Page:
City Council reviews Jim True, Steve Barwick in closed meeting
The Aspen Times
The Aspen City Council recently conducted performance reviews for City Manager Steve Barwick and City Attorney Jim True during a closed meeting in which True received a 4 percent pay increase.
Barwick, who according to city spokeswoman Mitzi Rapikin has established a personal policy not to ask for or accept raises from the council, did not receive any increase. True’s salary will increase from $153,400 annually to $159,536, while Barwick’s annual salary will remain at $173,763. Rapkin said Barwick implemented his personal policy in 2009 during the onset of the recession.
True’s last performance evaluation was in 2013, which also resulted in a 4 percent increase, and Barwick’s last merit-based raised was in 2008. Both True and Barwick, as well as the rest of city staff, received 2 percent pay increases in 2011, following a two-year pay freeze, according to Rapkin.
Colorado Open Records law allows that personnel matters be conducted in executive session, unless the individual requests that the meeting be public, according to True. True said the city of Aspen has historically conducted performance reviews in private, and that the point of an executive session is to allow for frank discussion.
“It’s just going to be more frank (than in a public setting),” True said Tuesday. “Executive sessions are a normal way, I think, of the way personnel matters are discussed. I think it’s logical to do it that way. If you really want to say what’s on your mind, you’re going to be more frank in a private meeting.”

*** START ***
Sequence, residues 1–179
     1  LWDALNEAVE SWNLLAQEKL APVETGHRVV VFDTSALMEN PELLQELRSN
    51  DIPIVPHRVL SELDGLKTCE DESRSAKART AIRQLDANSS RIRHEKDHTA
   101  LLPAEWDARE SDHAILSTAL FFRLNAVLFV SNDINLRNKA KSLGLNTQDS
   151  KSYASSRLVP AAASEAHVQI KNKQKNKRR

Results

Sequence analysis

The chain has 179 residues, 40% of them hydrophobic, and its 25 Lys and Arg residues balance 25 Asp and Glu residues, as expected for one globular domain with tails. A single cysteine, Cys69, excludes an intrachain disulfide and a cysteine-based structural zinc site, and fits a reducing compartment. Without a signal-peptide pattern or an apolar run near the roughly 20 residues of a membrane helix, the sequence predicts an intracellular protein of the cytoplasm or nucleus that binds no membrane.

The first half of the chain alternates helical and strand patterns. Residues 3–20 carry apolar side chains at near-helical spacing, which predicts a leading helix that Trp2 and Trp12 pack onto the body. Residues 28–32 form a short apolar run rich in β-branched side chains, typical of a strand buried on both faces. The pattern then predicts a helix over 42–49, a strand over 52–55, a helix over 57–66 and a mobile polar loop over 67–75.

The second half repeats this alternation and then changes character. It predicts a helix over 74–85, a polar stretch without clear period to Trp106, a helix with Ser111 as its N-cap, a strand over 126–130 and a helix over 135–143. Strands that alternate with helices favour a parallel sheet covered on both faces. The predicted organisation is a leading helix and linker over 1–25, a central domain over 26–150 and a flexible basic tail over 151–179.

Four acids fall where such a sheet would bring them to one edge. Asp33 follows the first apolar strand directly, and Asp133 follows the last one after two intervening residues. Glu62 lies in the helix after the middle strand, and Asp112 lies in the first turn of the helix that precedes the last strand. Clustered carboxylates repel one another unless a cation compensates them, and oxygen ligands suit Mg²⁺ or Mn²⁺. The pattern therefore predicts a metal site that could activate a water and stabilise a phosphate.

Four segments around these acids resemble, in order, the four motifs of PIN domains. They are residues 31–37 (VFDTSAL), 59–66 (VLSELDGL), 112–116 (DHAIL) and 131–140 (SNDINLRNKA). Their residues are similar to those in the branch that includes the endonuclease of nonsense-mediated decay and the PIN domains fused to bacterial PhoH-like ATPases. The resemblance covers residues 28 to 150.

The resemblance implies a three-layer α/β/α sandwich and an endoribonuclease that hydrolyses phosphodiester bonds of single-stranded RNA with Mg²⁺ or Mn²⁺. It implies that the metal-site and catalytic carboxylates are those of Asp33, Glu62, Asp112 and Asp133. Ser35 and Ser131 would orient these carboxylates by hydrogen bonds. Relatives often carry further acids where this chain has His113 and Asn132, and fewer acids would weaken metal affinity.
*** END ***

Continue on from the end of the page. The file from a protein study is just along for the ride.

The council conducted the reviews April 13 following a regularly scheduled meeting. Councilman Adam Frisch said the five elected officials discussed the reviews in private, as well as with True and Barwick. Frisch said the city attorney gets a “big thumbs up” from him personally.
“He’s doing a great job. He’s always available,” Frisch said. “He’s always accessible to us as well as to all the citizens.”
He said the city manager is a tougher position to evaluate, because when a mistake is made, it’s not always clear how far up the organizational ladder responsibility falls. As far as finance and budgeting, Frisch said Barwick should be commended.
Moving forward, Frisch said he hopes the city will review the city manager and attorney annually.
“The city attorney and the city manager — there’s no reason they shouldn’t be on an annual review,” Frisch said. “When I was an employee, I certainly wanted one for my own sake.”
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